The greatest extinction event in Earth's history, the Latest Permian Extinction, saw a loss of more than 90% of the planet's species. Second to the mystery of what caused this extinction is why life on Earth took a prolonged five-million years to recover (referred to as the Early Triassic period).
Previous work has suggested that the world's oceans had remained anoxic and uninhabitable during this time (no dissolved oxygen in sea water for life). However, this new work by S.E. Grasby and colleagues demonstrates that Earth's oceans quickly returned to habitable conditions and were then driven back to anoxia several times during the Early Triassic.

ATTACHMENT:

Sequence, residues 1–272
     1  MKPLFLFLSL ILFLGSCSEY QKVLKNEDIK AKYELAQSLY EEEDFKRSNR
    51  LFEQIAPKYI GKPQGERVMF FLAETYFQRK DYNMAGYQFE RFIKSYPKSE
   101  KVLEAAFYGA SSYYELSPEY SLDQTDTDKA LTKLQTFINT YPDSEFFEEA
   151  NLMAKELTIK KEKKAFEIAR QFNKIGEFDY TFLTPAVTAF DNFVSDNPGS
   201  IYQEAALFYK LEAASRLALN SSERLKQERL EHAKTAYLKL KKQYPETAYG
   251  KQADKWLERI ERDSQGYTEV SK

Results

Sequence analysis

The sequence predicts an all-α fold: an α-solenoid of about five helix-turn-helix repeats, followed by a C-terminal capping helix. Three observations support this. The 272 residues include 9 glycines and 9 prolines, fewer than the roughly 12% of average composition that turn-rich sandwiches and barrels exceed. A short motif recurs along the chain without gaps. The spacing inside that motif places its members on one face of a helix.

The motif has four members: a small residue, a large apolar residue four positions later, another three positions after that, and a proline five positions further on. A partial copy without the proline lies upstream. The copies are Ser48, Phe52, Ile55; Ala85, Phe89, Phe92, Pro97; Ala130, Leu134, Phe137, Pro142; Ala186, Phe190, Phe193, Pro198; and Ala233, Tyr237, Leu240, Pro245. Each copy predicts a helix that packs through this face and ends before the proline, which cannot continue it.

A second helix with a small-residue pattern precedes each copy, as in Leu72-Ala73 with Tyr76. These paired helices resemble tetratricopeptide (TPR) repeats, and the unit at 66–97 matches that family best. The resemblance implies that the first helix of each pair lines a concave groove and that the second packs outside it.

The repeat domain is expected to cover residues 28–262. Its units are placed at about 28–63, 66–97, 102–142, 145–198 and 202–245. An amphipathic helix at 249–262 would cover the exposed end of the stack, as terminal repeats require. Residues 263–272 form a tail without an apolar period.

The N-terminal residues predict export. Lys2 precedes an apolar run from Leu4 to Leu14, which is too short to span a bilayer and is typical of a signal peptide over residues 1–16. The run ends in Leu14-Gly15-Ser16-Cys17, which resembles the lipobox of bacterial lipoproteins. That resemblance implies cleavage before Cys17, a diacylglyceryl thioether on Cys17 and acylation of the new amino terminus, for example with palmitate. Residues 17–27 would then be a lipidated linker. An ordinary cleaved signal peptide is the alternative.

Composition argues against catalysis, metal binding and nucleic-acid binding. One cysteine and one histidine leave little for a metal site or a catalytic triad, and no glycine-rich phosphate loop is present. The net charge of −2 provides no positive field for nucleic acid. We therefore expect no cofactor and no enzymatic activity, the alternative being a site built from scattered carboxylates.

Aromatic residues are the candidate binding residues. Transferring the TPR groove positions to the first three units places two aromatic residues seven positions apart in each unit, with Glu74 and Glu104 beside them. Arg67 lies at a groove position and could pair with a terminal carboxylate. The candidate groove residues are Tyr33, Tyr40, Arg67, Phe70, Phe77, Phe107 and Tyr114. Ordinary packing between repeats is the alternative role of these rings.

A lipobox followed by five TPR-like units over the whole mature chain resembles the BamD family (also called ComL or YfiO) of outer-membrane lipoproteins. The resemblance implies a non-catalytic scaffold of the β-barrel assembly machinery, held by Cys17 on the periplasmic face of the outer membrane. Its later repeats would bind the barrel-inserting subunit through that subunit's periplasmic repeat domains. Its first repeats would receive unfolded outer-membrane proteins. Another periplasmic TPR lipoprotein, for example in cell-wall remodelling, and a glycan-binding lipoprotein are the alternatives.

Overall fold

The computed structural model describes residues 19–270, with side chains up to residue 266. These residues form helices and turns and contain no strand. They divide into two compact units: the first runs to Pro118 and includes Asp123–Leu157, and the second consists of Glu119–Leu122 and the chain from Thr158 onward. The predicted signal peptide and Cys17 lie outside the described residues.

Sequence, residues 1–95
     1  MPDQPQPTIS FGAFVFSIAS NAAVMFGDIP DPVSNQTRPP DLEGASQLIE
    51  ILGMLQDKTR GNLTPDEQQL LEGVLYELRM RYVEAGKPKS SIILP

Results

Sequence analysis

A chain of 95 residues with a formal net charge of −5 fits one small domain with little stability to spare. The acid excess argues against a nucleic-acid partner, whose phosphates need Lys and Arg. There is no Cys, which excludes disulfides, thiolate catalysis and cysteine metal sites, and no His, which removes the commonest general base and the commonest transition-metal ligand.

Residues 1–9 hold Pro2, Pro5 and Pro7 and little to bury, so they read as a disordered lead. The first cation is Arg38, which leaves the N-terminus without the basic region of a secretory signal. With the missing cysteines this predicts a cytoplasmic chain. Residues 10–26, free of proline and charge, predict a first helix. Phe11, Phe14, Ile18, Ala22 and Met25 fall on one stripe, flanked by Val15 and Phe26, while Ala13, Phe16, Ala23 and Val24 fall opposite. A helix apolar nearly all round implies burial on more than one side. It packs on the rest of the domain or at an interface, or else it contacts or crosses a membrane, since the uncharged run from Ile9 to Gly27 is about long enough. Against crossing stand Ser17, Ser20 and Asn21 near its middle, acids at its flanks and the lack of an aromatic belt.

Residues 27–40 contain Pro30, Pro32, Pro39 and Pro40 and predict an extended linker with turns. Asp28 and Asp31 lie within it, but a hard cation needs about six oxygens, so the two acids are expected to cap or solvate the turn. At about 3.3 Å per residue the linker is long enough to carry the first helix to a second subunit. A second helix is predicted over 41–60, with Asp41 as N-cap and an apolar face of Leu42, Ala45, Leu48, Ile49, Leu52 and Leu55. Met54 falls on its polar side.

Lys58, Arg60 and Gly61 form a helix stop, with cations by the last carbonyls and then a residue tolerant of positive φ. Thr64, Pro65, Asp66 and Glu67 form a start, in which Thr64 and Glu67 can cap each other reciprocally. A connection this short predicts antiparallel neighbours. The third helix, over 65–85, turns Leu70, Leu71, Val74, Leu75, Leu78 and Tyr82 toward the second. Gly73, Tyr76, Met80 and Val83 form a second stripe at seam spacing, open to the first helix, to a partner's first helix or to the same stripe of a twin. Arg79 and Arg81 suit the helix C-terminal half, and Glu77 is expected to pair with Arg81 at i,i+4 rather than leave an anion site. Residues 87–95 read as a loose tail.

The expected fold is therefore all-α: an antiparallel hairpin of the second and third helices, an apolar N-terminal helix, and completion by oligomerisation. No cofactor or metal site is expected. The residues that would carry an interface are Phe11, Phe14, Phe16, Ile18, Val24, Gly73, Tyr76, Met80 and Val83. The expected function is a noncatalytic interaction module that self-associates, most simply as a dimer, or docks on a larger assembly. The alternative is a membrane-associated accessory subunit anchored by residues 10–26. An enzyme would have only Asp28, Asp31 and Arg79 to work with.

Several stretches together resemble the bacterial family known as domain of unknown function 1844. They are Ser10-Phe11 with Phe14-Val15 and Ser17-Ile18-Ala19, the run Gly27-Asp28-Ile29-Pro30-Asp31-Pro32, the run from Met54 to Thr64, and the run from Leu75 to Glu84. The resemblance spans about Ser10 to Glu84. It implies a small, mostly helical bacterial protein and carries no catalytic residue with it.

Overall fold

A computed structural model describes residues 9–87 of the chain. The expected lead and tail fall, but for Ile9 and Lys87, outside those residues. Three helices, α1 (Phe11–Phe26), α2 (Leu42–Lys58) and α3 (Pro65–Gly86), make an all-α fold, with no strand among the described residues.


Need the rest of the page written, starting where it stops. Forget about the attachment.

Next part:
This caused several failed attempts by life to recover until the age of the dinosaurs finally began. The cause of these repeated stresses remains uncertain, but Grasby and colleagues point to evidence for a series of major volcanic eruptions during that time.
They suggest that emissions of volcanic gases in addition to nutrients and toxins could have had significant and repeated impacts on the global ecosystem.
Paper: S.E. Grasby et al., doi: 10.1130/G33599.1